Ten people have been killed and 15 injured after a man drove a van into pedestrians in Toronto, police said.
The suspect has been named by police as Alek Minassian, 25.
A man was arrested several streets away following a tense standoff with officers on the street.
Bystander videos appeared to show the driver pointing an object at the officers, who could be heard shouting at him to get down. The man was then detained without any shots being fired.
Toronto deputy police chief Peter Yuen asked for witnesses to come forward and said there would be "a long investigation". He said separate hotlines had been set up for victims' families and for witnesses.
City police chief Mark Saunders told a news conference that the incident appeared to be deliberate but the motive was still unknown. He said Alek Minassian, from the Toronto suburb of Richmond Hill, was not previously known to them.
Canadian public safety minister Ralph Goodale, in a tweet thanking the emergency services, referred to the incident as a "horrific attack".
Grateful for the brave and professional response of @TorontoPolice and other first responders to the horrific attack at Yonge and Finch. Canadians are appalled at what happened. The victims and their families have our deepest condolences.— Ralph Goodale (@RalphGoodale) April 23, 2018
Reza Hashemi, who owns a video shop on Yonge Street, told the BBC he heard screaming on the other side of the road.
He said the white rental van had repeatedly mounted the pavement and run into people.
Van rental company Ryder System Inc confirmed that one of its vehicles was involved and said it was co-operating with authorities.
The incident occurred at Yonge Street and Finch Avenue at 13:30 local time (17:30 GMT) on Monday. The crime scene encompassed a an over 1km (0.6 mile) stretch of Yonge Street.
About 18 miles (30km) away in the city centre, foreign ministers of the G7 leading industrialised nations - Canada, the US, Britain, France, Germany, Italy and Japan - were holding meetings.
Pictures apparently taken at the scene showed armed police and paramedics treating the injured. One orange bag, which appeared to contain a body, was loaded on to an ambulance.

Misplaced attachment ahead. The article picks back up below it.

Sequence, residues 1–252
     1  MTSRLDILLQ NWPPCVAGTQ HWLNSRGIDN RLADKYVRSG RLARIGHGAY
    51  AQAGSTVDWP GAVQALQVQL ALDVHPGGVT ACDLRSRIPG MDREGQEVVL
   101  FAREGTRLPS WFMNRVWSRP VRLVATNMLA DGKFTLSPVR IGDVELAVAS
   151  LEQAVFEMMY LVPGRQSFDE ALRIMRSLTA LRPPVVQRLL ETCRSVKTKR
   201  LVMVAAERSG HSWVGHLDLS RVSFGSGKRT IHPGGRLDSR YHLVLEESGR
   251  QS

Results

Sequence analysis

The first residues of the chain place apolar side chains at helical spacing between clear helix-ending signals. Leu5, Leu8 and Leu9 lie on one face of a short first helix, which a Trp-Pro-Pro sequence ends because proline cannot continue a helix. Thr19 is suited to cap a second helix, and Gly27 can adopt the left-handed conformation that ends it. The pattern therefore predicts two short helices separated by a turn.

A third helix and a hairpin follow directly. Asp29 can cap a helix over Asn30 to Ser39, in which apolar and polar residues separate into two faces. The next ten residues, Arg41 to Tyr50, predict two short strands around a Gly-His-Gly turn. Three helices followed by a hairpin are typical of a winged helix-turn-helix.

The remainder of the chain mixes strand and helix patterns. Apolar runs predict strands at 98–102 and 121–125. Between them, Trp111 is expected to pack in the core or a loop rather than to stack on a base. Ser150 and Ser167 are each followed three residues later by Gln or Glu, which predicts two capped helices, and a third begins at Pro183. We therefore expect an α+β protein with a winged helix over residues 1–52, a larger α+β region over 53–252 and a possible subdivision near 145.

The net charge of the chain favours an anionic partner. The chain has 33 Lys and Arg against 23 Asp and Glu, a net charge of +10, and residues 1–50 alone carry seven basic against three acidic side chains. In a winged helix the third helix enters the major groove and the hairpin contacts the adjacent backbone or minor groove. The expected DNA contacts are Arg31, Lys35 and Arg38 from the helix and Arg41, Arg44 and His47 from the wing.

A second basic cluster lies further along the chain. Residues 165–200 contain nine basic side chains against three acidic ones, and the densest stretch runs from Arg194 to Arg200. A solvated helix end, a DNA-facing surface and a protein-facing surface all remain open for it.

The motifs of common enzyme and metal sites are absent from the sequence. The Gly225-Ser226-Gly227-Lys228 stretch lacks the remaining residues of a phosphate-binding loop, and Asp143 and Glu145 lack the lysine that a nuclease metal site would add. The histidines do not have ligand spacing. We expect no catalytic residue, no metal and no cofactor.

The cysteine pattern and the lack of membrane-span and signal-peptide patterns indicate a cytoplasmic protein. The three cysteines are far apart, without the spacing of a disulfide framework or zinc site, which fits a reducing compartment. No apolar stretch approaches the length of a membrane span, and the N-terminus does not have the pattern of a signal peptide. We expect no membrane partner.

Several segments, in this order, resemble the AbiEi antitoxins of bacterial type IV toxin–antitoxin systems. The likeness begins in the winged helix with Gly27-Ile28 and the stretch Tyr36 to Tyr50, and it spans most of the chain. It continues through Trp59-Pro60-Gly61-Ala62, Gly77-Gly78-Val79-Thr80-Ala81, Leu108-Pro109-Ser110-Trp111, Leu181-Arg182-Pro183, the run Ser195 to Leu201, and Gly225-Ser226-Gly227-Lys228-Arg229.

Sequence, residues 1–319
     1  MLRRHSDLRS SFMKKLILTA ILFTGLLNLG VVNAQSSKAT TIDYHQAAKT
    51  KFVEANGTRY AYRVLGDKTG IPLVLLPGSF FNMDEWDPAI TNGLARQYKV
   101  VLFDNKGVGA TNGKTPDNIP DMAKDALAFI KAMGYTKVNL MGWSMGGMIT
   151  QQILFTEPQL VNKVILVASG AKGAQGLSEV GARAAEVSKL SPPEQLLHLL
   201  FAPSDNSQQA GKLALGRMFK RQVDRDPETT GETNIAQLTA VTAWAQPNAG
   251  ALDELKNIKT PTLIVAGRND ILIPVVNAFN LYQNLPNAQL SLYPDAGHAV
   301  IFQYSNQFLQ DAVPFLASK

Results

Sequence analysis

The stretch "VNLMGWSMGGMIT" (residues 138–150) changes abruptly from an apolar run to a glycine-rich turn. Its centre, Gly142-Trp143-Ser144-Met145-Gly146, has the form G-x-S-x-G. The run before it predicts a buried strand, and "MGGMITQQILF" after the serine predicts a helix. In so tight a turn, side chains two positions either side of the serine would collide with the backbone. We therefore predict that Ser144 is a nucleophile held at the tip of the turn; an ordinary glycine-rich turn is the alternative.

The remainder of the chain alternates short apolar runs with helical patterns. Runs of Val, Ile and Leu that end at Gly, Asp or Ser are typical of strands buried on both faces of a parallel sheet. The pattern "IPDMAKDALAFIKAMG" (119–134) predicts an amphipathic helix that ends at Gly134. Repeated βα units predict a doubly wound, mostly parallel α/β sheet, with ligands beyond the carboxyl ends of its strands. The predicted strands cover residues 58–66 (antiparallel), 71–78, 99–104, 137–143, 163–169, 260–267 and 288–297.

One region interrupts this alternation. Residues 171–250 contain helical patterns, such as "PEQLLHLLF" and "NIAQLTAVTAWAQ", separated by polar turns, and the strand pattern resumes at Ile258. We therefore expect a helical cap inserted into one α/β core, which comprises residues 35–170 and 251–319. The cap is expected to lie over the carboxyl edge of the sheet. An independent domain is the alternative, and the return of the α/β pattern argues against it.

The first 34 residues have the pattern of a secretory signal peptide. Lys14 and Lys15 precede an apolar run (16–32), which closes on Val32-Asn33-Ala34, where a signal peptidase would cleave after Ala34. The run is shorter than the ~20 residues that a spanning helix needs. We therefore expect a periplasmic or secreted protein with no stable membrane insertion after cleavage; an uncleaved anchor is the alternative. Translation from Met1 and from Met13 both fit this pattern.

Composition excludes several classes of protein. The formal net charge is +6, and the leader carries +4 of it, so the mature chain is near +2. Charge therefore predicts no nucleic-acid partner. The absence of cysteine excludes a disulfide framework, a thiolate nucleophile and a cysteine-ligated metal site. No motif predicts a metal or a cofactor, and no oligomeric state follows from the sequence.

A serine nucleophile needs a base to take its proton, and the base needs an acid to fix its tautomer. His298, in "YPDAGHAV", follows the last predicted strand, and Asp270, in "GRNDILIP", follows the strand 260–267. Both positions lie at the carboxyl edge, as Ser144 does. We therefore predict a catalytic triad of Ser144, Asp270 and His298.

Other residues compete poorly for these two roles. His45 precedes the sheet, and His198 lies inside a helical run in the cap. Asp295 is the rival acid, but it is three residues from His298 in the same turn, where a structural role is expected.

Toronto police spokeswoman Jenifferjit Sidhu told CBC News that the vehicle was stopped by police.
Residents left in shock
Jessica Murphy, BBC News, Toronto
A long stretch of Yonge Street in Toronto's North York is cordoned off with yellow police tape for what police say will be a complex investigation.
There are multiple sites where people were hit. At one intersection, debris and a lone shoe mark the spot of one fatality.
In the aftermath, people who would usually be running errands or heading back to surrounding office towers and condominiums reacted with shock at what happened, sharing what they had seen or heard, even though reasons behind the incident remain unclear.
Hours after the event there is mainly just quiet, as police begin the painstaking work of piecing together what happened on a wide stretch of road on Monday lunch hour.
Canadian Prime Minister Justin Trudeau tweeted from Ottawa: "Our thoughts are with all those affected by the terrible incident at Yonge and Finch in Toronto."
"Thank you to the first responders working at the scene - we're monitoring the situation closely."
One witness told City News that the driver was "hitting anything that comes in the way".
"People, fire hydrants, there's mail boxes being run over," said the unnamed man, who said he was driving behind the van during the incident.
As the van continued, the man said he sounded his horn to try to warn pedestrians. "I witnessed at least six, seven people being hit and flying in the air, like killed, on the street," he said.
Toronto Mayor John Tory called it "a very tragic incident" that was "not representative of how we live or who we are". He said he had "offered any and all assistance that the city can provide to the police to help this investigation".
The US and Europe have seen an increase in driving attacks in recent years. In October 2017, a man in New York drove a van down a bicycle path, killing eight people.